3D Laser Scanners
For buildings, landscapes, and large objects the DHHC uses FARO X330 and X130 terrestrial laser scanners. The DHHC has been using FARO laser scanners for many years and generations of scanners, and Jorge González García, the TLS Project Manager, is certified for FARO laser scanners.
For smaller and more intricate items, artifacts, and surfaces, the DHHC uses Artec Eva, Artec Spider, and Konica-Minolta laser scanners.
The DHHC uses Nikon DSLR cameras in and to document our projects. Using the DSLRs the DHHC can do photogrammetry for objects and buildings, create gigapixel images with the Gigapan automated panorama mount, attach GNSS data to spatially place each photo and create photo reports, and do reflectance transformation imaging for surfaces.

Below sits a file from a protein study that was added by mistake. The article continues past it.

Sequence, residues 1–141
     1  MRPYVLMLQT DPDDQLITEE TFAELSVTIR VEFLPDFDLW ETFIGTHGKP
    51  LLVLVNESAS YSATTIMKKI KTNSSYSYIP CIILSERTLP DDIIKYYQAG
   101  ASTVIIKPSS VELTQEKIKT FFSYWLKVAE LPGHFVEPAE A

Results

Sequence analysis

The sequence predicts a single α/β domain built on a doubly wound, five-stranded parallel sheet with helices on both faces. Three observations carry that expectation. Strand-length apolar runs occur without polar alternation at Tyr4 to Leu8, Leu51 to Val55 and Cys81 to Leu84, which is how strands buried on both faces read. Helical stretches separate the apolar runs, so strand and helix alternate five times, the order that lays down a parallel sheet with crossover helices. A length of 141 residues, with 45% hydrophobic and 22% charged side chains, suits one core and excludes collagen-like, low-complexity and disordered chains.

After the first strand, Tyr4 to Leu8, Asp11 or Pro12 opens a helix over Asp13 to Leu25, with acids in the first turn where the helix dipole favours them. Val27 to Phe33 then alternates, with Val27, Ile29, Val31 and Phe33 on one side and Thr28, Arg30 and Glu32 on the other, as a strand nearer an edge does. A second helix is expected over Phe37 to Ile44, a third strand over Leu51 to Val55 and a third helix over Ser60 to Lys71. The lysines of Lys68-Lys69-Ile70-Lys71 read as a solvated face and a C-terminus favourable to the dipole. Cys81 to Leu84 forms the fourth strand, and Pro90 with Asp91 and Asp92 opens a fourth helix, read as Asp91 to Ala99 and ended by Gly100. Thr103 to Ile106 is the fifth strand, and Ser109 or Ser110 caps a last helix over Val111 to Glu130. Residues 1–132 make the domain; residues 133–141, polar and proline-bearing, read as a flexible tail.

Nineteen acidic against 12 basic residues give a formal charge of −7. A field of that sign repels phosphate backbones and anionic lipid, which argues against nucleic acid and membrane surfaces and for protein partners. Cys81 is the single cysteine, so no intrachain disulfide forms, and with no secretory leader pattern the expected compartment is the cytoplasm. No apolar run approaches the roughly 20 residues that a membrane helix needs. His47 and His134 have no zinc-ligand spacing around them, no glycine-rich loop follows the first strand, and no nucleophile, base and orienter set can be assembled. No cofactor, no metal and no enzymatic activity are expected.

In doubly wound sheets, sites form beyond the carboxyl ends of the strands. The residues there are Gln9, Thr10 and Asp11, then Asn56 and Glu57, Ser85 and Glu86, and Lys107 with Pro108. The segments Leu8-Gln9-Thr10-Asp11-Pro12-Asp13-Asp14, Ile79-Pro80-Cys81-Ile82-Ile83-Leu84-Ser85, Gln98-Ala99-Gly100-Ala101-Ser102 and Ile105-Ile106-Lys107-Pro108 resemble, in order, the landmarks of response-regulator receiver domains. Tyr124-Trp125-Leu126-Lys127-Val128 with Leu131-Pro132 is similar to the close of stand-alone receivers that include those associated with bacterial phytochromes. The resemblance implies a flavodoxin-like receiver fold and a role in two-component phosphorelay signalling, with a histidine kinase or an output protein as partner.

The DHHC takes imaging to the skies using DJI Phantom and DJI Mavic unmanned aerial vehicles flown by the licensed UAV pilot Garrett Speed. The DHHC also hosts workshops on Unmanned Aerial Vehicles and their use at the University of South Florida, the September workshop page can be seen here
For UAV and DSLR photogrammetry the DHHC uses Agisoft Photoscan Professional.
In addition to standard RGB imaging the DHHC has a FLIR thermal infrared camera for detecting surface temperatures.
The DHHC uses Trimble Geo7x data loggers and antennas to georeference features and scanning and photogrammetry work.
For analyzing the data we collect, we utilize ArcGIS and its suite of software to analyze LiDAR data, GNSS data, imagery, and many more types of spatial data. Richard McKenzie in the DHHC is a site license manager for ArcGIS products, and goes to the ESRI User Conference every year to keep up with the abilities and best practices used in GIS.
The DHHC uses more than just ArcGIS, including ENVI for spectral analysis, Cloud Compare for point clouds, Trimble Pathfinder for GNSS data, and Bentley PointTools for point cloud visualization.